One of the most overlooked aspects in the design and play of traditional roleplaying games is the underlying game structure. Or, to put it another way, there are two questions which every game designer and GM must ask themselves:
(1) What do the characters do?
(2) How do the players do it?
These questions might seem deceptively simple, but the answers are complex. And getting the right answers is absolutely critical to having a successful gaming session.
Some of you may already be challenging this. “How difficult can it be? The players tell me what their characters are doing and then we resolve it. What could be easier?”
To demonstrate the oversight taking place here, let me give you a quick example of play:
Player: I want to explore the dungeon.
GM: Okay, make a Dungeoneering check.
Player: I succeed.
GM: Okay, you kill a tribe of goblins and emerge with 546 gp in loot.
Is there anything wrong with that? Not necessarily. But it’s certainly a very different game structure than the traditional D&D dungeoncrawl.
And, of course, that example already assumes that the PCs are fantasy heroes who do things like dungeoncrawling. Given the exact same setting and the exact same game system, they could just as easily be monarchs, dragons, farmers, magical researchers, planar travelers, gods, military masterminds, or any of a dozen other things for whom these dungeoncrawling game structures are irrelevant.
BOARD AND CARD GAMES
The reason game structures become an issue for us is because roleplaying games are functionally open-ended: There is an expectation (and a reasonable one) that the players should be able to say “I want my character to do X” and then we’ll be able to figure out if (a) they’re successful and (b) what happens as a result.
Traditional board and card games don’t run into this problem because their game structure is rigidly defined and limited by the rules: Each time you take a turn in Monopoly or Chess or Arkham Horror there is a precisely defined sequence of actions for you to take. The complexity of this structure can vary quite a bit – in Candyland you simply follow the instructions in order; in Twilight Imperium your decisions would require an incredibly complicated flowchart to model – but the structure is invariable and comprehensive.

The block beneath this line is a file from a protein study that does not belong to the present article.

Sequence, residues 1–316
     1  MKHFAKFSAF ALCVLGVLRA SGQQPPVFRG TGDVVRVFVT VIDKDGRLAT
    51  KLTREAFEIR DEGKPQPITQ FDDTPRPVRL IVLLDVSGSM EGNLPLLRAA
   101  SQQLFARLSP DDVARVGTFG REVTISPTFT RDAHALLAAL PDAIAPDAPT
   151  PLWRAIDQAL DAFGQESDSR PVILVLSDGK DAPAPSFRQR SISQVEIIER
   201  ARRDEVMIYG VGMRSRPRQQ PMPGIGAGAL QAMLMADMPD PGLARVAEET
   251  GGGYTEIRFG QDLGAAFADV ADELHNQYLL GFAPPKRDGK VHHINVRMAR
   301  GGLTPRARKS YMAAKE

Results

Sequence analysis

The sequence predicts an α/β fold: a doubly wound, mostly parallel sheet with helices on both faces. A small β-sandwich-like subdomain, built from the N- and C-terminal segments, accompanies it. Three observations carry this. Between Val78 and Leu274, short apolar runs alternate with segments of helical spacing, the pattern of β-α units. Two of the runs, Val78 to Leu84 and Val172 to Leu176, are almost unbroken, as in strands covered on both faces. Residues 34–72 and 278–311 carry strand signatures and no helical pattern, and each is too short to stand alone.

Or, to put it another way, boardgames and card games always have an answer to the questions of “What should I be doing now?” and “What happens next?”
Consider a hypothetical scenario in which you drop a group of PCs onto a random street corner. Now, take the same group of PCs and drop them into a random room in a dungeon. Why does one group say “I head through the north door” while the other says “I go looking for the local police station”? Why doesn’t the guy in the dungeon say “I go looking for the treasure” and the guy on the street corner say “I take the street on the left”?
Partly, of course, this is a matter of each group of characters having a different set of immediate goals. But it has a lot more to do with habits that have been casually engrained into us through years of playing RPGs.
Another example: Consider the difference between playing D&D and playing the Wrath of Ashardalon boardgame. Both feature similar mechanics, similar settings, and similar character goals. Why is my D&D group likely to spend time examining the walls and investigating arcane circles while my Wrath of Ashardalon group isn’t? Because the game structure is different.
In addition, as our example of dungeon vs. urban scenarios suggests, roleplaying games will often switch game structures. By contrast, computer games usually don’t swap game structures, choosing instead to unify their gameplay: In Elder Scrolls you use the same interface and commands whether you’re exploring a dungeon, traveling through the wilderness, or shopping in town.
On the other hand, games like Final Fantasy VII give you an overland map for travel. And Elder Scrolls V introduced a “fast travel” system that also changes that structure. Meanwhile, at the other extreme, the engine for the original Bard’s Tale was so limited that the town of Skara Brae was a murderville in which citizens attacked like monsters and the gameplay was almost completely indistinguishable from the dungeon at even the micro-level.
In a similar fashion, when I was twelve years old, I tried to run my earliest wilderness adventures as if they were dungeoncrawls: “Okay, you see some trees. What do you do?” “We go north.” “Okay, you go about a hundred feet. There are still trees. What do you do now?”
Use the wrong game structure and you can end up with a really lousy game.